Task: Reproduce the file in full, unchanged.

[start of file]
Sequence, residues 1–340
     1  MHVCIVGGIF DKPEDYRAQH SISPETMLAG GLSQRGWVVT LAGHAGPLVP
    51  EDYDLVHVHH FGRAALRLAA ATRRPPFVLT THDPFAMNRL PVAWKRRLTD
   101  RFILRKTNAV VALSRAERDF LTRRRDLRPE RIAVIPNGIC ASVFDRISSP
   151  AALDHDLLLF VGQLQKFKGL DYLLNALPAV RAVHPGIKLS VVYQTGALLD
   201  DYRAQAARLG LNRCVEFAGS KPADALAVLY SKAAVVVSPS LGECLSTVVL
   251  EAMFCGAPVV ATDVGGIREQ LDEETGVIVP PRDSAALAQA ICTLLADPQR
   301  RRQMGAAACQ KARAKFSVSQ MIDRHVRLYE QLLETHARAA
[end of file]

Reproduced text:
Sequence, residues 1–340
     1  MHVCIVGGIF DKPEDYRAQH SISPETMLAG GLSQRGWVVT LAGHAGPLVP
    51  EDYDLVHVHH FGRAALRLAA ATRRPPFVLT THDPFAMNRL PVAWKRRLTD
   101  RFILRKTNAV VALSRAERDF LTRRRDLRPE RIAVIPNGIC ASVFDRISSP
   151  AALDHDLLLF VGQLQKFKGL DYLLNALPAV RAVHPGIKLS VVYQTGALLD
   201  DYRAQAARLG LNRCVEFAGS KPADALAVLY SKAAVVVSPS LGECLSTVVL
   251  EAMFCGAPVV ATDVGGIREQ LDEETGVIVP PRDSAALAQA ICTLLADPQR
   301  RRQMGAAACQ KARAKFSVSQ MIDRHVRLYE QLLETHARAA